## The equilibrium constant Kc

Equilibrium reaction do not go to completion but will reach equilibrium with time. The reaction between ethanoic acid CH3COOH and ethanol C2H5OH to produce ethyl ethanoate CH3COOC2H5 and water H2O is a typical equilibrium reaction which proceeds as follows:

CH3COOH + C2H5OH ⇌ CH3COOC2H5 + H2O

If ethanol and ethanoic acid are mixed in a flask, stoppered to prevent evaporation and left for several days with a catalyst, an
equilibrium mixture will form in which all four substances are
present.

We may then be able to analyse the equilibrium mixture by titrating the ethanoic acid with a standard alkali. This will allow us to work out the number of moles of ethanoic acid in the equilibrium mixture and also the number of moles of the other components. Using the total volume of the mixture we can then calculate the concentrations of the components.

If we repeat the experiment several times, each time starting with different quantities of reactants, we find that the ratio:

$$\frac{[CH_3COOC_2H_5][H_2O]}{[CH_3COOH][C_2H_5OH]}$$

will remain constant, whereby $latex [CH_3COOC_2H_5]$ means concentration of $latex CH_3COOC_2H_5$.

For any equilibrium reaction:

aA + bB ⇌ yY + zZ

At equilibrium, the ratio $latex \frac{[Y]^y[Z]^z}{[A]^a[B]^b}$ is a constant, provided the temperature is kept constant. We call this constant the equilibrium constant, Kc.

$$K_c\ = \frac{[Y]^y[Z]^z}{[A]^a[B]^b}$$

Though this expression can be applied to any reversible reaction,

• Kc is different for different reactions.
• Kc changes with temperature.
• The units of Kc vary from reaction to reaction.

### Example 1 – writing equilibrium expressions

Write an expression for Kc for the following reactions:

• N2(g) + 3H2(g) ⇌ 2NH3(g)
• 2SO2(g) + O2(g) ⇌ 2SO3(g)

For the first equation:

$$K_c\ = \frac{[NH_3]^2}{[N_2][H_2]^3}$$

For the second equation:

$$K_c\ = \frac{[SO_3]^2}{[SO_2]^2[O_2]}$$

In equilibrium reactions involving a solid, we ignore the concentration of the solid, because its concentration remains constant, however much solid is present. That is because a solid is not part of the solution. For example:

Ag+(aq) + Fe2+(aq) ⇌ Ag(s) + Fe3+(aq)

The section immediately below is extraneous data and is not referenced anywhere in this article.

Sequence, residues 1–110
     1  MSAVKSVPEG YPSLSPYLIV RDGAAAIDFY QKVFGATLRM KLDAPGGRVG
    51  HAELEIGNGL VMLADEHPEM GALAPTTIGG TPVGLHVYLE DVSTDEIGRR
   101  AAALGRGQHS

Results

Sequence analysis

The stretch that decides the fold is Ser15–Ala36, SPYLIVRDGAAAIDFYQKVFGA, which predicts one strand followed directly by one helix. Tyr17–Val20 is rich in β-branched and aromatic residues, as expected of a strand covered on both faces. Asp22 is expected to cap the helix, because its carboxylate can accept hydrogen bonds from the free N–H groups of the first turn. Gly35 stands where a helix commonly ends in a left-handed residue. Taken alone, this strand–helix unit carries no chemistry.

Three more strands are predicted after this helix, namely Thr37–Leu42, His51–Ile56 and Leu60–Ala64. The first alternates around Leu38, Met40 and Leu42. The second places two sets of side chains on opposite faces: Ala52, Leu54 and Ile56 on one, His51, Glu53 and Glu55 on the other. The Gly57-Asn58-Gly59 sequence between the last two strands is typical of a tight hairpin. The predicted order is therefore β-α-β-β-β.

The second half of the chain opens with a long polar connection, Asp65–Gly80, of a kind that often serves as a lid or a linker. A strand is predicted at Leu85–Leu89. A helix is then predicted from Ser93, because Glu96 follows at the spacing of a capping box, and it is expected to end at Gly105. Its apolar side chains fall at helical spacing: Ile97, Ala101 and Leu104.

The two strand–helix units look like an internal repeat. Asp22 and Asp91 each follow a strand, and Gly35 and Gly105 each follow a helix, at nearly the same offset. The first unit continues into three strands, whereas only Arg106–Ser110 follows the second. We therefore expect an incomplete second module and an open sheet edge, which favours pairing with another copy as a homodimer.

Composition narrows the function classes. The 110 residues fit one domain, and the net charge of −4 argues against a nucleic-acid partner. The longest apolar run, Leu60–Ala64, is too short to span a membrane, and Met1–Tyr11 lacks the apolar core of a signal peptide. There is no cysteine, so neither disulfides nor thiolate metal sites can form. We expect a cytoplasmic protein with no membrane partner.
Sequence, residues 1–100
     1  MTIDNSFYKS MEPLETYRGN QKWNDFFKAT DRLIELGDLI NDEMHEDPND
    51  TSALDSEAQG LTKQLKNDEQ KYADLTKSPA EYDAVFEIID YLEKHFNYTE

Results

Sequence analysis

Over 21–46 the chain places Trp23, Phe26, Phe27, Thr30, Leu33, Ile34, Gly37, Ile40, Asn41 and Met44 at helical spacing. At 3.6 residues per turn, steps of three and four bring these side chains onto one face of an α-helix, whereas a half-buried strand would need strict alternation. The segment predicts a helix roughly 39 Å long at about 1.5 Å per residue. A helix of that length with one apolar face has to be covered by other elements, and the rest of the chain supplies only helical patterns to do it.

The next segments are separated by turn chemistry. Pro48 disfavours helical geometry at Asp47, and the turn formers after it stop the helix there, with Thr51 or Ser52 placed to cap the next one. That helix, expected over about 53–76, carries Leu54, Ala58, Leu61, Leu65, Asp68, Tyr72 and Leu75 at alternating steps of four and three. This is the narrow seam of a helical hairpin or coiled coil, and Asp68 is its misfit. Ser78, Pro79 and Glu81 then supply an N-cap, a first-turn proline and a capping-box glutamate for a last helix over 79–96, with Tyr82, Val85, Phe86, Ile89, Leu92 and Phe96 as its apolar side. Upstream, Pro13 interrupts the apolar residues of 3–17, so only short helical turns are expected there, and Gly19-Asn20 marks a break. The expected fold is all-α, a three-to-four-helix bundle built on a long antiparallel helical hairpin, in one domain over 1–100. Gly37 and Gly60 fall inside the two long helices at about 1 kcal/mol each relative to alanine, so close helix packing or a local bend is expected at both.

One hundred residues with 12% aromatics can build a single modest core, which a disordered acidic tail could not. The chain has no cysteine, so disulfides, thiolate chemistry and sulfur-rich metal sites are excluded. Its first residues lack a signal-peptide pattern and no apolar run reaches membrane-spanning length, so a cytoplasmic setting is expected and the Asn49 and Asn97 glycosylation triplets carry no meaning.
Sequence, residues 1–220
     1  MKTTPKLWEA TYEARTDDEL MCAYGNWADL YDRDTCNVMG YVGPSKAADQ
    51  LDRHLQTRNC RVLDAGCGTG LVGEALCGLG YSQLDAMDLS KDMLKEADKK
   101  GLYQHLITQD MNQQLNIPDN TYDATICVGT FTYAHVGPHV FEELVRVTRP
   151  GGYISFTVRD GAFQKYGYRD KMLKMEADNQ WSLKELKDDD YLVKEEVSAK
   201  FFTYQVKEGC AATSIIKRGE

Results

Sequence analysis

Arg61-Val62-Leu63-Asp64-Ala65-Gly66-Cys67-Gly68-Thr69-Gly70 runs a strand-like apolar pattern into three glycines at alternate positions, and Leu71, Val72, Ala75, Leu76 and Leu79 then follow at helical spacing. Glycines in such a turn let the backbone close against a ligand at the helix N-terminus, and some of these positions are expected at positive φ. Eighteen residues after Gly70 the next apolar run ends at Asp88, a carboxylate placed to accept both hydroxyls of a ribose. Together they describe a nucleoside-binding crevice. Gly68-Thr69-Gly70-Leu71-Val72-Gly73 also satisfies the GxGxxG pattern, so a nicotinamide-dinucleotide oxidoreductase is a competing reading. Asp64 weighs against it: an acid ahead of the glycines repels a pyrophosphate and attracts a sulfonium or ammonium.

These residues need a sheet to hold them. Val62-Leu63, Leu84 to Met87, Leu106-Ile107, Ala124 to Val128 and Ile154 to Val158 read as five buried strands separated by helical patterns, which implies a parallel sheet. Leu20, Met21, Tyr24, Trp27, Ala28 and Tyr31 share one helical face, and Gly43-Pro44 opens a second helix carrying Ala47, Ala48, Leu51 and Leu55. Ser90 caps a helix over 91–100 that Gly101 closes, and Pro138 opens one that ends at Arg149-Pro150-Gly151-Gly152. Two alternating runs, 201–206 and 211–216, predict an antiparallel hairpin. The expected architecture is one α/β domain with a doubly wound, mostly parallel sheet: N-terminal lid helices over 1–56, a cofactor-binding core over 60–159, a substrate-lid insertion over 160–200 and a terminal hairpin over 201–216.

The equilibrium expression for this reaction is:

$$K_c\ = \frac{[Fe^{3+}(aq)]}{[Ag^+(aq)][Fe^{2+}(aq)]}$$

## What are the units of the equilibrium constant Kc?

In any equilibrium expression each species within a square bracket represents the concentration of that species in moldm–3. Since the equilibrium expression varies with each reaction, the units of Kc therefore depend on the form of the equilibrium expression.

If the reaction is as follows:

• A + B ⇌ Y + Z

The units are found algebraically as follows:

$$K_c\ = \frac{[Y][Z]}{[A][B]}$$

$$Units\ of\ K_c\ = \frac{(moldm^{-3})(moldm^{-3})}{(moldm^{-3})(moldm^{-3})}$$

They all cancel out. Which means for such a reaction, Kc has no units.

If the reaction is as follows:

• 2A + B ⇌ 2Y

The units are found algebraically as follows:

$$K_c\ = \frac{[Y]^2}{[A]^2[B]}$$

$$Units\ of\ K_c\ = \frac{(moldm^{-3})^2}{(moldm^{-3})^2(moldm^{-3})}$$

Which simplifies to:

$$Units\ of\ K_c\ = \frac{1}{(moldm^{-3})}$$

$$= mol^{-1}dm^{3}$$

Which means for such a reaction, The units of Kc are $latex mol^{-1}dm^{3}$.

### Example 2 – determining the units of Kc

Write equilibrium expression for the following reaction and state the units of Kc.

CO(g) + 2H2(g) ⇌ CH3OH(g)

### Solution

For CO(g) + 2H2(g) ⇌ CH3OH(g)

$$K_c\ = \frac{[CH_3OH]}{[H_2]^2[CO]}$$

$$Units\ of\ K_c\ = \frac{(moldm^{-3})}{(moldm^{-3})^2(moldm^{-3})}$$

$$= \frac{1}{(moldm^{-3})^2}$$

$$= mol^{-2}dm^{6}$$

## How to calculate the value of Kc for the reaction between ethanol and ethanoic acid

0.10 mol of ethanol is mixed with 0.10 mol of ethanoic acid and
allowed to reach equilibrium. The total volume of the system is
made up to 0.020 dm3 with water. The system is allowed to reach equilibrium and then titrated. It is found that 0.033 mol of ethanoic acid is present once equilibrium is reached.

From this data we can analyse the reaction as follows:

### At the start of the reaction:

CH3COOH+C2H5OHCH3COOC2H5+H2O
0.10 mol0.10 mol0 mol0 mol

### At equilibrium:

Since there are 0.033 mol of CH3C0OH at equilibrium,

• there must also be 0.033 mol of C2H50H at equilibrium because the equation tells us that they react 1:1 and we started with the same number of moles of each.
• the number of moles of CH3COOH used up in this reaction = 0.10 – 0.033 = 0.067 mol.
• according to the molar ratio of the equation, when 1 mol of CH3COOH reacts, 1 mol of CH3COOC2H5 and 1 mol of H2O are produced. Therefore, there must be 0.067 mol of each of these at equilibrium.
CH3COOH+C2H5OHCH3COOC2H5+H2O
0.033 mol0.033 mol0.067 mol0.067 mol

Next, we need to find the concentrations of the components at equilibrium. We know that the volume of the system is 0.020 dm3, we can find the concentrations as follows:

CH3COOH+C2H5OHCH3COOC2H5+H2O
$latex \frac{0.033}{0.020}$$latex \frac{0.033}{0.020}$$latex \frac{0.067}{0.020}$$latex \frac{0.067}{0.020} 1.65 mol/dm31.65 mol/dm33.35 mol/dm33.35 mol/dm3 Using the formula$$K_c\ = \frac{[CH_3COOC_2H_5][H_2O]}{[CH_3COOH][C_2H_5OH]}K_c\ = \frac{(3.35 mol/dm^3)(3.35 mol/dm^3)}{(1.65 mol/dm^3)(1.65 mol/dm^3)}$\$

The units all cancel out, leaving Kc = 4.12.